Sugarland shines in snow land

Sugarland singer Jennifer Nettles told 4,600 fans at the Centrium on Wednesday that she was feeling a little Twlight-Zone-ish here in Alberta.

Sugarland took to the stage at the Centrium playing to a near capacity crowd Wednesday. Jennifer Nettles and Kristian Bush brought the audience to their feet from the start.

Sugarland took to the stage at the Centrium playing to a near capacity crowd Wednesday. Jennifer Nettles and Kristian Bush brought the audience to their feet from the start.

Sugarland singer Jennifer Nettles told 4,600 fans at the Centrium on Wednesday that she was feeling a little Twlight-Zone-ish here in Alberta.

“It’s snowing out there!” said the Georgia-born country-rocker who’s more used to seeing magnolia blossoms at the end of April. “It’s like being in an alternative universe, it’s so cold out there!”

Despite the late snowfall and Sugarland’s rain-like stage lighting effects, things heated up quickly for Nettles and her cohort Kristian Bush, who both got a rousing welcome from audience members as young as eight to as old as 80. (While Sugarland is as much a rock act as anything else, you know it’s a country concert when whole families are waiting politely for this Grammy Award-winning band to appear.)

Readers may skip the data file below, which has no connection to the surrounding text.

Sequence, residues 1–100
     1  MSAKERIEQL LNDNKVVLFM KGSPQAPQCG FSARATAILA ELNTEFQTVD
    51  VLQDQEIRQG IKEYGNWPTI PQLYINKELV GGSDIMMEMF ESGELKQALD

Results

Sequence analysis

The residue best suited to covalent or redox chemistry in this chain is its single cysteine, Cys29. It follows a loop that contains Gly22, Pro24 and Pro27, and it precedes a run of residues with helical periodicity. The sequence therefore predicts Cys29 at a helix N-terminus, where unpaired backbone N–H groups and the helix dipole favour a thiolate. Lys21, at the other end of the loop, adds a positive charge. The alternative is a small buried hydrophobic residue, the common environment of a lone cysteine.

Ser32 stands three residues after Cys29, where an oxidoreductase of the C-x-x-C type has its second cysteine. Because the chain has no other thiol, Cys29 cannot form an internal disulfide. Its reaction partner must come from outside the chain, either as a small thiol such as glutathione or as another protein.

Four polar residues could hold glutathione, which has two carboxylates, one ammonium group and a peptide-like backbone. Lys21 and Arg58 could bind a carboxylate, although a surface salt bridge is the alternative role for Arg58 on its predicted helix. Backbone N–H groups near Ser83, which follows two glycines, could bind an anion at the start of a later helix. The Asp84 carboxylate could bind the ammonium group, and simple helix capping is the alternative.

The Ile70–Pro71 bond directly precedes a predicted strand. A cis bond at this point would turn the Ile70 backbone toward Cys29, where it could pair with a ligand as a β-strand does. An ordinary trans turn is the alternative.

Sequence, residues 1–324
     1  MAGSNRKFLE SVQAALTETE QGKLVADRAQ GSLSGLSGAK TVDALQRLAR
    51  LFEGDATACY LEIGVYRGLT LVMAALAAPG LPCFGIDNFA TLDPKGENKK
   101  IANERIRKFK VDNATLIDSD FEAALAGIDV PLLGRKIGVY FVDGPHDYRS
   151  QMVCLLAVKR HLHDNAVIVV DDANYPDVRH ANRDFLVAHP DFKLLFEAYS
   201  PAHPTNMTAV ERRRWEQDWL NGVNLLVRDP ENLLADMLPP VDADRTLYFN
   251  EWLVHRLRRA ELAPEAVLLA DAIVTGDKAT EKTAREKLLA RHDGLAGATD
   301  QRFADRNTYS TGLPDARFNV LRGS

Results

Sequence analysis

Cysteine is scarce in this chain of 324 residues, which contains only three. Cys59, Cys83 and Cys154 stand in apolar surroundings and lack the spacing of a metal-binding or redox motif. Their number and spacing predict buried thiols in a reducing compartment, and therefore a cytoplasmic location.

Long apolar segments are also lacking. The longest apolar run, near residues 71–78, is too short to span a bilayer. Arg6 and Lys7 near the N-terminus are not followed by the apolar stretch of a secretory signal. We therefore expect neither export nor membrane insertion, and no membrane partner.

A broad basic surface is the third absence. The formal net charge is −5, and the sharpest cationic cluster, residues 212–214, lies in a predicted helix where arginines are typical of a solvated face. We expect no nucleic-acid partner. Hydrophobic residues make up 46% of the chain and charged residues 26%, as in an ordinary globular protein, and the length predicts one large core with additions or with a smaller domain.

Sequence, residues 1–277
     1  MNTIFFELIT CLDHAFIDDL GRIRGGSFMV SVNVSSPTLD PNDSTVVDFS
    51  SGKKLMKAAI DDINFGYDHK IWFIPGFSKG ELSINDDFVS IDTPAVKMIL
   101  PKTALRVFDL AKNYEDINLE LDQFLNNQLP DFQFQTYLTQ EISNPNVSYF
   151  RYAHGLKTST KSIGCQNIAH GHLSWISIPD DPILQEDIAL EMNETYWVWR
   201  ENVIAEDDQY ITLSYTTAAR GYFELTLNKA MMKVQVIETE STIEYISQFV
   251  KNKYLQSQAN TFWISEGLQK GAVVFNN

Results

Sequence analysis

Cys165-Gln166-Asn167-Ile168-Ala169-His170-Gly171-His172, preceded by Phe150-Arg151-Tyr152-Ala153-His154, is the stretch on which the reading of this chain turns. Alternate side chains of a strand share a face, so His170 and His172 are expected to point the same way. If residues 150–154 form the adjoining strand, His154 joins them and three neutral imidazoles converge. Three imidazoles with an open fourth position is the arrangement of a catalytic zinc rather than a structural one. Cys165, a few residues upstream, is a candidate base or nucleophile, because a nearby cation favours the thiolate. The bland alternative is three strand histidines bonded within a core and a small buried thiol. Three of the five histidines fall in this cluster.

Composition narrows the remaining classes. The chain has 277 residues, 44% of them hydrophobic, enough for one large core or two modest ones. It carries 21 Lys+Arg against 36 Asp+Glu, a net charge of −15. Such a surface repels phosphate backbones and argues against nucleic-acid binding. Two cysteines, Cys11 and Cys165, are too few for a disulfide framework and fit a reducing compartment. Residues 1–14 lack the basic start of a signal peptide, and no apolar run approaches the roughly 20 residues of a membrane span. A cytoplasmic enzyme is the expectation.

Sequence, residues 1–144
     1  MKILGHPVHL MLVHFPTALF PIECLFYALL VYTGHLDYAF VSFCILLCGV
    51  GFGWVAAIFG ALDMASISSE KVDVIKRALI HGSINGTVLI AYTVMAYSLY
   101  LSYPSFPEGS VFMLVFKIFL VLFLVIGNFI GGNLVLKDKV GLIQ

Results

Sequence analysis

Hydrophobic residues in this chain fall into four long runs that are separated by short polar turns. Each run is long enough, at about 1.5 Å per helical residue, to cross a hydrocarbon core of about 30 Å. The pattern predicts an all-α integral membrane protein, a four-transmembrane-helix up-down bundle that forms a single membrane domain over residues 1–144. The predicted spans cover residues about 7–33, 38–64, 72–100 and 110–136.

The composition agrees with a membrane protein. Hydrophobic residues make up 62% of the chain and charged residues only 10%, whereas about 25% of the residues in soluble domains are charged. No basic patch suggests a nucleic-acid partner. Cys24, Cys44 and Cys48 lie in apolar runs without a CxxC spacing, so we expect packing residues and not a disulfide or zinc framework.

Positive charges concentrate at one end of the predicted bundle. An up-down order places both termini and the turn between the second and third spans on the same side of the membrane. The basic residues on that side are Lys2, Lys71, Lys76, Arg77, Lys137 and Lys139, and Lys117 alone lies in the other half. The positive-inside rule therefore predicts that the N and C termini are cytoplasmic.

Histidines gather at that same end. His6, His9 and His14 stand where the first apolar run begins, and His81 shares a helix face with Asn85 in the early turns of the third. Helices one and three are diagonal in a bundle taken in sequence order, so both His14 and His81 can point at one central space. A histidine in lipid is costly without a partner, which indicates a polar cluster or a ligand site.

Nettles and Bush and their five-person band promptly came on stage amid white umbrellas lit up with fairy lights, and Sugarland started a 95-minute set with the anthem-ey song Love. It immediately got rows of fans standing and swaying.

The black-clad singers — Nettles wore a long sleeveless vest, high boots and leggings, Bush a black jacket and odd-shaping funnel-topped shoes — then performed Settlin’, about taking a chance on a new romance.

That’s when the first neon glow sticks began to appear, like fireflies in the dark.